“Russian companies see the challenge of competing with international giants,” is how the CEO of new Russian marketplace pins the position of Russian ecommerce players in the global marketplace industry.
Speaking to Tamebay, Vladimir Stupnikov, CEO of SPUTNIK marketplace starts describing the development of the Russian ecommerce market. He aptly names it – young but promising in growth.
Citing a study by Morgan Stanley, Vladimir says the next four to five years will expand the Russian ecommerce market by more than two-fold. It will boast an estimated value of 3.491 trillion roubles in 2023. He puts down this phenomenon to the increasing Internet adoption in the country. Some 80% of the Russian population are already active users of the web.
Vladimir says that Russia has already reached a critical level of ecommerce trading. It’s ripe to accept new sellers with unique USPs. The last three years saw small Russian businesses solidifying their position as leaders and disruptors in the field. He says that many offline businesses are capitalising on the growing demand of the omnichannel experiences to offer shoppers the synergy of the online and physical shopping journey.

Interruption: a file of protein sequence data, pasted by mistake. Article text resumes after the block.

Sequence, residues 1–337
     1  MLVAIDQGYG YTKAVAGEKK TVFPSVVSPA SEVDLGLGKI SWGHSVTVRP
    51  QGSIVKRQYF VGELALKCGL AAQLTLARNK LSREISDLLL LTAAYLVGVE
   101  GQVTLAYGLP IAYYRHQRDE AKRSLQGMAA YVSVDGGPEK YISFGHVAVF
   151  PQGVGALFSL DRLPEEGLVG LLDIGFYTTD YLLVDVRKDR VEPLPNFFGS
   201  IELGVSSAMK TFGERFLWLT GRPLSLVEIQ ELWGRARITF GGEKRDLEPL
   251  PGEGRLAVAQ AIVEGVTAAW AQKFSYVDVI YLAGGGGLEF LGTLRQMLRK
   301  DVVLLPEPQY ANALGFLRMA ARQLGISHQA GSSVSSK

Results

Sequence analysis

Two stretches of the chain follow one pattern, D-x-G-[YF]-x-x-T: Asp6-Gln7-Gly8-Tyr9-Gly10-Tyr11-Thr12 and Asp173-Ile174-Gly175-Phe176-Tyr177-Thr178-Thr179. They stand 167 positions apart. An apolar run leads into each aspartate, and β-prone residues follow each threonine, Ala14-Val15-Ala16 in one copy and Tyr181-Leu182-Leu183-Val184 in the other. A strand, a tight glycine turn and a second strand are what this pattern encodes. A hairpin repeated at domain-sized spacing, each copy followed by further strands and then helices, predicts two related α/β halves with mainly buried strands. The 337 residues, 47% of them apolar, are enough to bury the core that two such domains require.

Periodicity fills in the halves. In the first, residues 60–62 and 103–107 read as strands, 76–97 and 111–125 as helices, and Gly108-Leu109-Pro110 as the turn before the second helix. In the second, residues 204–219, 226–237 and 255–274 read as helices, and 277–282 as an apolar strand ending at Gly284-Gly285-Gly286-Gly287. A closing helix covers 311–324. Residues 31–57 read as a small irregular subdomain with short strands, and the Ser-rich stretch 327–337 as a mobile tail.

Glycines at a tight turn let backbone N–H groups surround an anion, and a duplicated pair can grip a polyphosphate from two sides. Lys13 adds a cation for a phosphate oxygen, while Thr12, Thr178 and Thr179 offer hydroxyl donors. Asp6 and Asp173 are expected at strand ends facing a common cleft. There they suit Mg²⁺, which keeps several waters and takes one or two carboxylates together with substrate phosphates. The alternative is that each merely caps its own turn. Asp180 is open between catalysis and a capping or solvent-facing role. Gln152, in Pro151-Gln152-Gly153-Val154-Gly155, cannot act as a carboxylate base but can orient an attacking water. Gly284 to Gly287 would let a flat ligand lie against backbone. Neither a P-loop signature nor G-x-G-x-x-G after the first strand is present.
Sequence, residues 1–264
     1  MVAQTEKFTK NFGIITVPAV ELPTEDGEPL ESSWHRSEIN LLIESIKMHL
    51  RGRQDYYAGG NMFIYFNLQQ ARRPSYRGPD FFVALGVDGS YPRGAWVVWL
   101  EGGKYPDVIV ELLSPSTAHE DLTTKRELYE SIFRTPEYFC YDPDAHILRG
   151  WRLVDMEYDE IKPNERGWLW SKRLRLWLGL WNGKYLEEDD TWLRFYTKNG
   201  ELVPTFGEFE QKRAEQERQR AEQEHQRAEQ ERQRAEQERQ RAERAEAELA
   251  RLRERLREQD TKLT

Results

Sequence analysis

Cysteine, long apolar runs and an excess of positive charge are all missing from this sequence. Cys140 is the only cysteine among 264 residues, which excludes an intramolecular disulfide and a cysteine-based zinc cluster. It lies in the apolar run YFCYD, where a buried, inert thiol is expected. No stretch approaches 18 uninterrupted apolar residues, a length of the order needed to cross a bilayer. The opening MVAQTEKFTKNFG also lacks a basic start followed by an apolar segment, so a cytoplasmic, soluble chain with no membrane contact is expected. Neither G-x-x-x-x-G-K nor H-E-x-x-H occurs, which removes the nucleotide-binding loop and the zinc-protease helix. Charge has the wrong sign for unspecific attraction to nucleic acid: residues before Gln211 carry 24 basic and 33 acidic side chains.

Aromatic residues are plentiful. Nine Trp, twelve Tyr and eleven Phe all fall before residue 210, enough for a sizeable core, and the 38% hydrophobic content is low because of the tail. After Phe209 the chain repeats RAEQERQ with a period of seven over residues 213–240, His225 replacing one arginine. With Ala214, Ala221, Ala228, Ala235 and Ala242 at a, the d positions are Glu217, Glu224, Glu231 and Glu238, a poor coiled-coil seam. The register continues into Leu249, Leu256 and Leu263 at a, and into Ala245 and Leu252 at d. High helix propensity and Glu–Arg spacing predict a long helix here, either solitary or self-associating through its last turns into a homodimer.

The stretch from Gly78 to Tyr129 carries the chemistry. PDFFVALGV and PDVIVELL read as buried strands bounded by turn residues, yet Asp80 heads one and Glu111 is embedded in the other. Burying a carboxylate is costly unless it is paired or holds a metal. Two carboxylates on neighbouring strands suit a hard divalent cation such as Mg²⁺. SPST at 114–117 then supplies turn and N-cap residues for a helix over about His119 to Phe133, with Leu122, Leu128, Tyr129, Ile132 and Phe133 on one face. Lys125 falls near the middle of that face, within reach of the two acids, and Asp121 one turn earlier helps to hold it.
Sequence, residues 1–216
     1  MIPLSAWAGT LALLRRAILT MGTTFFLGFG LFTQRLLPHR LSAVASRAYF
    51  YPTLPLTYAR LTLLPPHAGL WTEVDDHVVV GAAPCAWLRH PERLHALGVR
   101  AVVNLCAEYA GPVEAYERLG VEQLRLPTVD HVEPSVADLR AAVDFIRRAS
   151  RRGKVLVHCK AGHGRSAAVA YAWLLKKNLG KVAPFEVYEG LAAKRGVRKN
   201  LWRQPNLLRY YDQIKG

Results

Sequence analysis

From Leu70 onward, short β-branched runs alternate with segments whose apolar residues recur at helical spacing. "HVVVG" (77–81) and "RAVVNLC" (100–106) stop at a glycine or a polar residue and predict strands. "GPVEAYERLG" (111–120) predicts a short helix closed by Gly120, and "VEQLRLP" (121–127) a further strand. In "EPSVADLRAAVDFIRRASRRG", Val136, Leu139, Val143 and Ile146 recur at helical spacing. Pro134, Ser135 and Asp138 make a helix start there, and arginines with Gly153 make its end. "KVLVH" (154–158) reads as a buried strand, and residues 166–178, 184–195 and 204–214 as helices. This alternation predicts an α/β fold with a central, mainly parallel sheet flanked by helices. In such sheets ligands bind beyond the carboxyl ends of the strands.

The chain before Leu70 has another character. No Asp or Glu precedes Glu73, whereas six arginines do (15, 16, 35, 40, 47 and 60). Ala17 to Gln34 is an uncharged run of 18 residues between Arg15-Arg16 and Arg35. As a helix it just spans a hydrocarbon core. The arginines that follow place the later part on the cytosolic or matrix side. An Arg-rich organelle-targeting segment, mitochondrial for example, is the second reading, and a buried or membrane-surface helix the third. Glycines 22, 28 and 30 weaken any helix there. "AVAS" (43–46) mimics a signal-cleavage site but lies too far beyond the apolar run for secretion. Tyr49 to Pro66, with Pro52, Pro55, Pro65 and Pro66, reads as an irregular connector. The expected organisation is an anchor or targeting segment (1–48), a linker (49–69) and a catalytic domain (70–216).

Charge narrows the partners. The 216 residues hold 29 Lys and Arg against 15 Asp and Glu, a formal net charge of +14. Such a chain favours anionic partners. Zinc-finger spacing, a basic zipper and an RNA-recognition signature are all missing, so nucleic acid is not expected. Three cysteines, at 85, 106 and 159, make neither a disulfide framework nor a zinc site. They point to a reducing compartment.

The difficulty to outmanoeuvre the overseas competition
When asked how difficult it is for non-Russian sellers to enter the largest country in the world by area, he diverts the attention to the challenge of competing with overseas companies.
He attributes the difficulty for Russian businesses to outmanoeuvre the overseas competition to the limited financial resources. He describes this phenomenon as a lack of technological innovations in Russia. Vladimir says that foreign sellers enter the Russian market with the tools and services that automate manual processes. However, he says that Russia places stakes on the knowledge of native consumers. This traditional customer-centric approach still remains a competitive advantage against the rivalry.
How different are western buyers to Russian?
Vladimir says there is no doubt that Russian and western buyers are different. The differences in shopping habits in Russia are based on a demographic segmentation akin to Chinese city tier system. It reflects differences in consumer shopping behaviour, income level, population size, consumer sophistication, infrastructure, talent pool, and business opportunity.
This bureaucratic classification sees the standard of living in Russian megalopolises significantly higher than in cities located far from Moscow. He says that online culture in suburban areas is non-existent. He puts this down to the preservation of traditional shopping habits in Russia. A prime example is that the preferred payment method of the majority of suburban shoppers is cash. Vladimir views this part of Russia as uncharted territory. It’s an opportunity for international merchants to woo the Russian market with technological innovation.